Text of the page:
"Japan's really going to be a technology exporter, and that's what we should expect from it," said Llewelyn Hughes, a senior lecturer at the Crawford School of Public Policy at Australian National University who studies energy and environmental issues in Japan.
Does Japan still care about climate change?
At the same time, Japan is angling for more U.S. natural gas. In February, Abe pitched to Trump a $450 billion infrastructure investment plan that would include U.S. energy export facilities.
The U.S. Department of Energy last week authorized exports from the United States' first offshore liquefied natural gas project.
"I could see energy exports to Japan as part of a solution for the Trump administration to reduce the trade deficit," said Jane Nakano, a senior fellow in the Energy and National Security Program at the Center for Strategic and International Studies. "[The Japanese] are still trying to push for a global LNG market."
But there are still some awkward discussions looming for Japan and the United States.
U.S. Energy Secretary Rick Perry arrived last week in Japan, a country whose ancestral capital Kyoto was once synonymous with international climate change efforts, just as Trump announced that the United States would withdraw from the Paris Agreement.
Though Perry previously said he counseled the president to stay within the agreement, in a press release last week, he said he supported the exit.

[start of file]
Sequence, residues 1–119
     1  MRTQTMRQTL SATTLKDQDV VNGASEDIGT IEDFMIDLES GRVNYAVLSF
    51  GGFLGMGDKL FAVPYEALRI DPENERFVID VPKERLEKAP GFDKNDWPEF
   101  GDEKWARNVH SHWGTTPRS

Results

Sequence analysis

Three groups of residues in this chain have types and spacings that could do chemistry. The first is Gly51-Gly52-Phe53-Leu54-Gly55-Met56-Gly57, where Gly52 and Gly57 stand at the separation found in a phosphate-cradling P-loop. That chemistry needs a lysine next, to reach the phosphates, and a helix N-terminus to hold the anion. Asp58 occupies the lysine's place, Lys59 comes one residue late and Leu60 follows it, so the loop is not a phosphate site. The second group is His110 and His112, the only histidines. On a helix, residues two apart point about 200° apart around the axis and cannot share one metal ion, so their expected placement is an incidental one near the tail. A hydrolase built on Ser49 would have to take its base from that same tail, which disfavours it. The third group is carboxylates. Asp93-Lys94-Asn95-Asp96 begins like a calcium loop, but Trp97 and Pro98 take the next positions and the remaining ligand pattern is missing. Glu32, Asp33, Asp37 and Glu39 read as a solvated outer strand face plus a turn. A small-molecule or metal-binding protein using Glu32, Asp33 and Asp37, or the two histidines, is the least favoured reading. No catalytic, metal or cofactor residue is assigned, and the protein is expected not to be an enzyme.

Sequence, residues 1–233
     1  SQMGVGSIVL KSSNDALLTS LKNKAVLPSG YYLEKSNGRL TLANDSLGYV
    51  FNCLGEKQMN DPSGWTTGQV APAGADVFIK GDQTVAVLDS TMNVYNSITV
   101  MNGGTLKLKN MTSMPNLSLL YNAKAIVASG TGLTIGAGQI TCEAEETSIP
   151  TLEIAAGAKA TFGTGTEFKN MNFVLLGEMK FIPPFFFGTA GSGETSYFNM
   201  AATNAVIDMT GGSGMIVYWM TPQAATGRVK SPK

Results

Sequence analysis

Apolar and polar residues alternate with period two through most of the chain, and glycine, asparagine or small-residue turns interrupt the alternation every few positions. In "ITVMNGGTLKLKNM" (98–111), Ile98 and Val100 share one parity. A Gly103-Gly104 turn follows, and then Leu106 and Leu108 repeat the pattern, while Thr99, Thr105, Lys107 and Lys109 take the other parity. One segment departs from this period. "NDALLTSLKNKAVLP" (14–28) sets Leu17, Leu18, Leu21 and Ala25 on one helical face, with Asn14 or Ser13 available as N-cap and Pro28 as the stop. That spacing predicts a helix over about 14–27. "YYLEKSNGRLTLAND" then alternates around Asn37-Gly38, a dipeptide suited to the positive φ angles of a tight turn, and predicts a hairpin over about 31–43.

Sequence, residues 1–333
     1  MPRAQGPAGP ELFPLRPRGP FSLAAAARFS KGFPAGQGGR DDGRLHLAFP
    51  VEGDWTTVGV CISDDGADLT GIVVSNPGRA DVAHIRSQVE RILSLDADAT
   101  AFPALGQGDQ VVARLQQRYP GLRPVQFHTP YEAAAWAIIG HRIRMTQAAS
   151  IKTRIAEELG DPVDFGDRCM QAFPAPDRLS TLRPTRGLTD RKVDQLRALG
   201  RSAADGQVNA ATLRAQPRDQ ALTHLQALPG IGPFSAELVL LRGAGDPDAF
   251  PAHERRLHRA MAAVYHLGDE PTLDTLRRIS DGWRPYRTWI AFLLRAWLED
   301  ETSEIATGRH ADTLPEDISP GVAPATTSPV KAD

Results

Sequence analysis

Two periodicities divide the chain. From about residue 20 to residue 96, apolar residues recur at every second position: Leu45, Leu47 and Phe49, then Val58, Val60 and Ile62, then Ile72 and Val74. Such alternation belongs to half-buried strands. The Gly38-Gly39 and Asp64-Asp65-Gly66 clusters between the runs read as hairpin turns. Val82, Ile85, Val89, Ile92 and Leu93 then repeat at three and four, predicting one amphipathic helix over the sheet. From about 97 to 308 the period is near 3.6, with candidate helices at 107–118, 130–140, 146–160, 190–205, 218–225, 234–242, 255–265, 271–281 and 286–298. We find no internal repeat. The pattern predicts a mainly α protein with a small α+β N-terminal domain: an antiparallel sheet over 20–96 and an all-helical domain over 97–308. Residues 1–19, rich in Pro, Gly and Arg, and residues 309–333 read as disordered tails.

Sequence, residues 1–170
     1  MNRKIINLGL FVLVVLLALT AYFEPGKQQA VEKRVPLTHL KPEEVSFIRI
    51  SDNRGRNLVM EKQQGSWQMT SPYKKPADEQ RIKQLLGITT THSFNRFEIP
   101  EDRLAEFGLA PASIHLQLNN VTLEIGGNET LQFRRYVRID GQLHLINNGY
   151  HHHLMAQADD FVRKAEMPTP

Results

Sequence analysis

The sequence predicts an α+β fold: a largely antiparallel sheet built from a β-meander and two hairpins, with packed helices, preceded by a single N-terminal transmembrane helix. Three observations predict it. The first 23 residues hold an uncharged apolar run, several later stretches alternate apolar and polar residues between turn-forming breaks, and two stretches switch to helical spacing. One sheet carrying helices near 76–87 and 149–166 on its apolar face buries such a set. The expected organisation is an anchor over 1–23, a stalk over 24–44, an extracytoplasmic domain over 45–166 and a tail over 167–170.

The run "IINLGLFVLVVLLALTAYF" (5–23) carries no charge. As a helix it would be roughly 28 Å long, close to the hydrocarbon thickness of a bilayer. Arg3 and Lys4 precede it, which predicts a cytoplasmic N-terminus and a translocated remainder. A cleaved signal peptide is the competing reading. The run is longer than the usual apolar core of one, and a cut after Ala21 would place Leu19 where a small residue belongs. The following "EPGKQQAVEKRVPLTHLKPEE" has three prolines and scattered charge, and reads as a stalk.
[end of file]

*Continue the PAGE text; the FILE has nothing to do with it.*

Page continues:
"President Trump's decision will prove to be the right course of action and one I fully support," Perry said.
'We are connected'
Perry visited the wounded Fukushima Daiichi nuclear power plant over the weekend and will be heading to Beijing this week for the eighth Clean Energy Ministerial and the second ministerial for Mission Innovation, an agreement among 22 countries and the European Union to double clean energy research and development funding by 2020.
Japan was one of the launch members of Mission Innovation, and Abe shared the stage with President Obama in Paris when the initiative was announced.
Budget proposals for DOE show drastic cuts to energy research, and the concern is that other countries may back off of their commitments if the United States fails to uphold its end of the deal.
Meanwhile, Japan has proposed a climate change target that some activists have criticized as too weak, and the United States' withdrawal from the Paris Agreement means there might not be much incentive to ramp it up. The country aims to cut its greenhouse gas emissions 26 percent below 2013 levels by 2030.
"The goal is rather conservative, but we're trying very hard," said Yoshiro Owadano, director general of the Fukushima Renewable Energy Institute. "We have to be proud of that."
The institute, launched in 2014, employs 2,300 scientists and has a budget of $900 million per year. The researchers are working to reduce the cost of renewable energy and spur the development of industry in the Fukushima region.
Owadano said the technology developed at the institute, from hydrogen storage to microgrid systems, is aimed at making Japan, a country that imports close to 90 percent of its fuel, energy independent.
"Our goal is to see our technologies used in the real-life society," said Owadano.
But he noted that the push for economic nationalism could undermine progress on shared environmental goals, ultimately harming everyone involved.
"If the country is wise enough, they know that you cannot be alone for a long time," he said. "We are connected, whether you like it or not. We are on the same ship."
This article was supported by a grant from the International Center for Journalists and the Sasakawa Peace Foundation.